the magnitudes involved are lower because the moratorium would still be 
time limited. However, those alternatives would require additional 
administrative action and costs to subsequently extend the moratorium 
to meet the Council's objective of capping effort, and those 
alternatives would not provide the regulatory stability needed by the 
for-hire industry to make longer-term business decisions. For these 
reasons, those alternatives were not adopted. The no action alternative 
would benefit vessel operations re-entering the for-hire fishery as 
well as new entrants because they would not have the additional cost of 
purchasing permits. But their entrance into the for-hire fishery would 
impinge on the profitability of existing vessel operations as well as 
potentially increase the harvest and discards of certain species that 
are overfished or undergoing overfishing. A reversion to open access in 
the for-hire fishery would also complicate the management measures the 
Council might adopt for the fishery to address overfishing issues. 
Moreover, the no action alternative can only exacerbate the excess 
capacity problem in the for-hire fishery, especially given that for-
hire vessels are currently operating at about half their capacity.
    Certain measures have already been adopted to mitigate the adverse 
economic impacts of the moratorium. These include: (1) relatively 
liberal qualifying eligibility criteria for the moratorium permits,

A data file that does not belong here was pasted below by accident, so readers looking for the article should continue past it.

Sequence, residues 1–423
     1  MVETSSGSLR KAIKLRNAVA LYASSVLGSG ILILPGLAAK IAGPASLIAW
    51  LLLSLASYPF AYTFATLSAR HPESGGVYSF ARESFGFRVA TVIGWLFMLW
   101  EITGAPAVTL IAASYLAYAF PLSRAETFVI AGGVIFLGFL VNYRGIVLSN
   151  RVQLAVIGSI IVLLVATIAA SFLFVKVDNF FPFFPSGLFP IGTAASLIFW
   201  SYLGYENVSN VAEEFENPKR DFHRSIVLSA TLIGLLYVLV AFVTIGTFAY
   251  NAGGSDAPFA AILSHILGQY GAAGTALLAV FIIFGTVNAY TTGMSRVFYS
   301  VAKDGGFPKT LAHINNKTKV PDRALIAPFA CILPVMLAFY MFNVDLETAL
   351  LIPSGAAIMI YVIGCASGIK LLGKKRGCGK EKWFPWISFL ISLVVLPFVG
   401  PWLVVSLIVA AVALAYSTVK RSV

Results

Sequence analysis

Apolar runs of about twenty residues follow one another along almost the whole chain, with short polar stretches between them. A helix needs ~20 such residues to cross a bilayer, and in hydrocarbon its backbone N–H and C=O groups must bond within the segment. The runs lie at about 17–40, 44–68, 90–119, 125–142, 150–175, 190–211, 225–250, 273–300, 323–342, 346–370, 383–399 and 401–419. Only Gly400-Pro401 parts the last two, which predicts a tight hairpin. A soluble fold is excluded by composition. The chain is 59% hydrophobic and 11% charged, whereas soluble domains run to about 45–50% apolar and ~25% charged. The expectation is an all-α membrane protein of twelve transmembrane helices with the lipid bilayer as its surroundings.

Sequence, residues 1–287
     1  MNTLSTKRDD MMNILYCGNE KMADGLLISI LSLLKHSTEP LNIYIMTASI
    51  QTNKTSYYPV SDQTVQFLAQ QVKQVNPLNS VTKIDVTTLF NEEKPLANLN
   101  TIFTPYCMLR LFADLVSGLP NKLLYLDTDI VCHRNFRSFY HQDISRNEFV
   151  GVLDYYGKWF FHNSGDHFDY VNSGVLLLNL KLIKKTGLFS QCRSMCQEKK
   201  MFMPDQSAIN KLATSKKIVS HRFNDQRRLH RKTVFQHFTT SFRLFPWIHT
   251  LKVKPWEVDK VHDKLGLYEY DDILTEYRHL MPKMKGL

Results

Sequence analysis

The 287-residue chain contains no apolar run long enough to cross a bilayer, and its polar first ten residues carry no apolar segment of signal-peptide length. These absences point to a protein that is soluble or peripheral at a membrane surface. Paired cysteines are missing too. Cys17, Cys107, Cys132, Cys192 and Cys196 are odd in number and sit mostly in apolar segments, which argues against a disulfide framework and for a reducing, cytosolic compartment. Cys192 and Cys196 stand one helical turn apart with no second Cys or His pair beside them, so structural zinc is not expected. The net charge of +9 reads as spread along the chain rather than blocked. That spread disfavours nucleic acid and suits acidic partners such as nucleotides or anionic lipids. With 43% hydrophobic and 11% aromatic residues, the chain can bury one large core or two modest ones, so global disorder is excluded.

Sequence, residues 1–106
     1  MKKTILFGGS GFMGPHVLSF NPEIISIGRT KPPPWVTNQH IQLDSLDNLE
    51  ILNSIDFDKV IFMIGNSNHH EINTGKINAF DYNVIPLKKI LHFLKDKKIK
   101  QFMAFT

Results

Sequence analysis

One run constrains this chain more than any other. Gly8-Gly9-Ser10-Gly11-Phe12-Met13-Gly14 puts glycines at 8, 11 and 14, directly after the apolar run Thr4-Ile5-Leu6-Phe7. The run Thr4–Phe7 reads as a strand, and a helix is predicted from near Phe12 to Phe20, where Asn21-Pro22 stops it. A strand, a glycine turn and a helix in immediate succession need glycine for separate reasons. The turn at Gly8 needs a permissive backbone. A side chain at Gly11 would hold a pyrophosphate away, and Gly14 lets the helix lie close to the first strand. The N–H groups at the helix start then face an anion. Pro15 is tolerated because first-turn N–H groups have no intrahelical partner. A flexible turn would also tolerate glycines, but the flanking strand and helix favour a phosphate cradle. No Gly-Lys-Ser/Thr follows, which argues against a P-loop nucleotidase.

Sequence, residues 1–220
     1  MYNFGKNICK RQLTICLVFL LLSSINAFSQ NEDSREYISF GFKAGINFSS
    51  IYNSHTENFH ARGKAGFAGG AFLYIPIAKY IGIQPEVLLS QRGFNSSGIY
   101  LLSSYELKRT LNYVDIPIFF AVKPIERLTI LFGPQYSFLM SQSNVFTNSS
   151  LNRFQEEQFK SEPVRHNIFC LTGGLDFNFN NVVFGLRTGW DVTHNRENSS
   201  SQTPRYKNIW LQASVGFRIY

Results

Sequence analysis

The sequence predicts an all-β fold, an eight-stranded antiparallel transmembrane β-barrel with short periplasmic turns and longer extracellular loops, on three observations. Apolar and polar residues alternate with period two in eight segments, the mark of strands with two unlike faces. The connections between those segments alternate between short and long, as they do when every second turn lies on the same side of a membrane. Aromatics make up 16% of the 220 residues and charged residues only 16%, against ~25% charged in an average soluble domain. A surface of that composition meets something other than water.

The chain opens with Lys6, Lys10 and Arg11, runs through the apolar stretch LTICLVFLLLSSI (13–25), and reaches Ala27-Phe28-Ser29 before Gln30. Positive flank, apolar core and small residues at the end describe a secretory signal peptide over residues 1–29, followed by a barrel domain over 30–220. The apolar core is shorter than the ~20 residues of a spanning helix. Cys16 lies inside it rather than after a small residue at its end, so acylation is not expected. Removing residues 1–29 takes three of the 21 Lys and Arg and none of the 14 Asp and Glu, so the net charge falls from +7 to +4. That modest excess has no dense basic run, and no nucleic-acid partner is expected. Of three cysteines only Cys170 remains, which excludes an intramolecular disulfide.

such as the inclusion of most historical participants, historical 
captains, and those who already committed money for the construction of 
vessels; (2) liberal provision for renewing for-hire permits; (3) 
transferability of for-hire permits, except historical captain permits; 
and, (4) an emergency action re-opening the moratorium permit 
application process to participants inadvertently excluded from the 
moratorium, which resulted in issuance of an additional 62 moratorium 
permits but did not alter the conclusions of this analysis. 
Additionally, re-entrants and new entrants can participate in the for-
hire fishery by purchasing permits from current permit holders. These 
features are preserved under the proposed rule.

List of Subjects in 50 CFR Part 622

    Fisheries, Fishing, Puerto Rico, Reporting and recordkeeping 
requirements, Virgin Islands.

    Dated: March 7, 2006.
James W. Balsiger,
Acting Deputy Assistant Administrator for Regulatory Programs, National 
Marine Fisheries Service.
    For the reasons set out in the preamble, 50 CFR part 622 is 
proposed to be amended as follows: